Integrating Active, Flexible and Responsive Tertiary Prosumers into a Smart Distribution Grid
Duration: 10/2012 – 9/2015 Funding: FP7-ICT
Partners: Centre for Research and Technology Hellas, Engineering Group, Tecnalia, CNet, Indesit, Technical University of Kosice, Hypertech IT Solutions, DEI, Enel
The current energy grid is still based on a centralized and inflexible management of supply and demand for energy. But the modern energy market is becoming much more dynamic. The current grid is not prepared for a distributed energy market, in which individual households cause energy supply peaks by generating their own solar power on a sunny day. On the one hand, energy supply rates fluctuate very quickly. Renewable energy sources, such as wind and solar power, are especially unpredictable. On the other hand, the demand for energy is quite uncontrollable. Imagine the spike in demand when all across the country people come home to charge their electric cars. The energy grid must be prepared for such spikes because at this moment, the market has no way to influence and soften these peaks.
The INERTIA project proposed an Internet-of-Things-approach to the problem of energy management: Consumers gradually become ‘prosumers’; households that generate their own green energy, sell the energy when they have too much to use by themselves, and buy extra (grey) power when they need it. All these ‘prosumer hubs’ become active nodes (rather than passive elements), and are equipped with the technology to provide contextual information to the grid. In order to be able to ‘share’ energy, the different stakeholders must share information on supply and demand. Having such an information network in place, a truly free energy market emerges. Energy will be more realistically priced, based on actual supply and demand.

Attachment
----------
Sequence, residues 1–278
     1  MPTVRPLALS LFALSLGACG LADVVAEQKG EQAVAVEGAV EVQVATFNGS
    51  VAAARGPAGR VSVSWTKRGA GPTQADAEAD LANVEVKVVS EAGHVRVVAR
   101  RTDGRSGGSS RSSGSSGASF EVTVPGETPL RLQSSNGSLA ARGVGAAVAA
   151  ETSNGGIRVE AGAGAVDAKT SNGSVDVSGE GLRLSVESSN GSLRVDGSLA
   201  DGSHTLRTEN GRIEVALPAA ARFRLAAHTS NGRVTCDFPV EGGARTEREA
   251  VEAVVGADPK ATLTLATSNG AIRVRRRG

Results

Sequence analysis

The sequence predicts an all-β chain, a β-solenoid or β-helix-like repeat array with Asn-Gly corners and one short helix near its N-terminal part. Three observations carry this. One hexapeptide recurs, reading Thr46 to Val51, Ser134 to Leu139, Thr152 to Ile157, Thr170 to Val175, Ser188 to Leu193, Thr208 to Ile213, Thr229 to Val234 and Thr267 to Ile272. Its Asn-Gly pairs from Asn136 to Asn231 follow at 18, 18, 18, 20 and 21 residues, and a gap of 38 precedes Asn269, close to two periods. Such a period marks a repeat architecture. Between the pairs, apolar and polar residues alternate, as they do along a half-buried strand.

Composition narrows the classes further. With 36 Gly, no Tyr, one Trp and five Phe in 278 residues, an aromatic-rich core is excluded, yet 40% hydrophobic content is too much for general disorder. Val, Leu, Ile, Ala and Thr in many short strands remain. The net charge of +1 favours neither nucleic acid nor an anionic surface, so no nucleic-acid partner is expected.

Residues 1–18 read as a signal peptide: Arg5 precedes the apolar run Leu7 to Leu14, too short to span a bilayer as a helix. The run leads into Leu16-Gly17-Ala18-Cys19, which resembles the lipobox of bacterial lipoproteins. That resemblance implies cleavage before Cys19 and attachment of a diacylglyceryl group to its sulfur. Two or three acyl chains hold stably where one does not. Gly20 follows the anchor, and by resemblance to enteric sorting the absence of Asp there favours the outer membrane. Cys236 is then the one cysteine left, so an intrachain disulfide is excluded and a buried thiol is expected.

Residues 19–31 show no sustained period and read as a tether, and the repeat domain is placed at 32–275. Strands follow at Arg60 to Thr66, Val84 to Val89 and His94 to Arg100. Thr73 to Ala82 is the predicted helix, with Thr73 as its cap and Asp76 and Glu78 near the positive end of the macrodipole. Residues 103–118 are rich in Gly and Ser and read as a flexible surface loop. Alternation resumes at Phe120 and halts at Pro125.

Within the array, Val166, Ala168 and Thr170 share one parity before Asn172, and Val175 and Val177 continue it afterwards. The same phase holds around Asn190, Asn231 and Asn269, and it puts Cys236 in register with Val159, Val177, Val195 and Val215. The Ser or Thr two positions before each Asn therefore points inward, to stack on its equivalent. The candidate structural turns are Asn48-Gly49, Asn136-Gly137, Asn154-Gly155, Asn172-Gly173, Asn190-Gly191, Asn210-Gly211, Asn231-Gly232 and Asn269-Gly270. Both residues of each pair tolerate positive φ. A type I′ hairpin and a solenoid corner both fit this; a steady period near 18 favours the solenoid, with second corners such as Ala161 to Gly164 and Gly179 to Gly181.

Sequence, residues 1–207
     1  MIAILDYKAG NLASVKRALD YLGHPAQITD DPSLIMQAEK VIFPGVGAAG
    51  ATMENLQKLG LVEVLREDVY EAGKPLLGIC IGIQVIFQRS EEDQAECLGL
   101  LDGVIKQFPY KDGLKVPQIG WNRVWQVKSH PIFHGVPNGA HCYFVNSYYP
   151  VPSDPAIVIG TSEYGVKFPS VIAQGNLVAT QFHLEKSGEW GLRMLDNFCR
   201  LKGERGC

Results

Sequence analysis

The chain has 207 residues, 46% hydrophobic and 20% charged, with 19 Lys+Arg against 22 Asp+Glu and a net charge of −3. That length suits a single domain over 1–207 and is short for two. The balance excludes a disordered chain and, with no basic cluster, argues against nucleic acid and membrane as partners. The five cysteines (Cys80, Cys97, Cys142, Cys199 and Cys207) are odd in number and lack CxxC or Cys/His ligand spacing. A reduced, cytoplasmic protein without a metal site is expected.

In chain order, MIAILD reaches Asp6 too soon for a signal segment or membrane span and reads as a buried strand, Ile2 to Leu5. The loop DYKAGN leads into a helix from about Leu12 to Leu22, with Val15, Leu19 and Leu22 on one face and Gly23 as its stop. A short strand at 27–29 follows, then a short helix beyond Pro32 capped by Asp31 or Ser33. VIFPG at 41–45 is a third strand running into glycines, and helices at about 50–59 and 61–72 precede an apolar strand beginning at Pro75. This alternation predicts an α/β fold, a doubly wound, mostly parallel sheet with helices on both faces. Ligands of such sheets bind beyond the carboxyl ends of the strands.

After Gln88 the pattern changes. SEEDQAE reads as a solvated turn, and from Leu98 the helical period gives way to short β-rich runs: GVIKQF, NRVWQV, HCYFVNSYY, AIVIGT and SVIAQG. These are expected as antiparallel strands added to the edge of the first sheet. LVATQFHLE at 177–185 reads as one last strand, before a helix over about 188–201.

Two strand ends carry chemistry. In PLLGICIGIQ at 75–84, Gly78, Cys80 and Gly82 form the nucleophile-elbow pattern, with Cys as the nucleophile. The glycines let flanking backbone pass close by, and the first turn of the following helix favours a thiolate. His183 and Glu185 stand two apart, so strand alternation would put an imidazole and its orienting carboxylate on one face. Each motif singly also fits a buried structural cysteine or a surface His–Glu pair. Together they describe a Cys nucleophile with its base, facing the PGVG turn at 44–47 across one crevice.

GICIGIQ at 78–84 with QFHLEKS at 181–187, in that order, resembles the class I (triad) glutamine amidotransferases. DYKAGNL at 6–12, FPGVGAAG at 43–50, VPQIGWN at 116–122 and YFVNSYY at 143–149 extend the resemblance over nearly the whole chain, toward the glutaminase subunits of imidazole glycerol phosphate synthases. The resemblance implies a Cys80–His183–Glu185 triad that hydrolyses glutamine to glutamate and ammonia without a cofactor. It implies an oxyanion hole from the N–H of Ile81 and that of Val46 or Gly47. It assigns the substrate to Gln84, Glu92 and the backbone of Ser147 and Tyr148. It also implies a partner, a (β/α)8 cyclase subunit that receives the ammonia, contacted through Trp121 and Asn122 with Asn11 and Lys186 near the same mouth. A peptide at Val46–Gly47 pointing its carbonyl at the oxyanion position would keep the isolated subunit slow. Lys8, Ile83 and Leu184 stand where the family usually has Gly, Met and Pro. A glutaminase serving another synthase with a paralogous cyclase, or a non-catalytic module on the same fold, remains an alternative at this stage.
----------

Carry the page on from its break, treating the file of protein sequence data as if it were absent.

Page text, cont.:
Within INERTIA, Almende developed the Pi5 aggregator control software tools and approach: a secure agent-based energy demand prediction framework for the smart grid. By applying a 15-minute energy forecast, it enables the negotiation of energy deals at MV level. Thereby, it is possible to actively manage an energy budget within given/negotiated boundaries by making prioritized use of equipment based on both comfort and energy budget restrictions.
The project contributed to our expertise in applying multi-agent-based systems and simulations to energy markets, and to use collaborative decision-making models to dynamically solve challenges in energy supply and demand in real-time conditions which are difficult to forecast.
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